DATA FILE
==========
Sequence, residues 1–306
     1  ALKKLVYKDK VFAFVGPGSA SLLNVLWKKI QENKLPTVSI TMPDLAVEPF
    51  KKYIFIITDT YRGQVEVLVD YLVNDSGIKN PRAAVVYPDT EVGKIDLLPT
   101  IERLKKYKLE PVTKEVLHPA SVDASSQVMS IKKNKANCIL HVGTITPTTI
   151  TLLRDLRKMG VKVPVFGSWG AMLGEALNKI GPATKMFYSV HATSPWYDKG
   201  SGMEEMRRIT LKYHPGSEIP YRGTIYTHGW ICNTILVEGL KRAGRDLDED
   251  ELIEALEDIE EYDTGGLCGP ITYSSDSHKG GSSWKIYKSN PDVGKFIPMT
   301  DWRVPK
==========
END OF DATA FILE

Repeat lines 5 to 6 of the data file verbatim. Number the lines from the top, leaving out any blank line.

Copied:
   151  TLLRDLRKMG VKVPVFGSWG AMLGEALNKI GPATKMFYSV HATSPWYDKG
   201  SGMEEMRRIT LKYHPGSEIP YRGTIYTHGW ICNTILVEGL KRAGRDLDED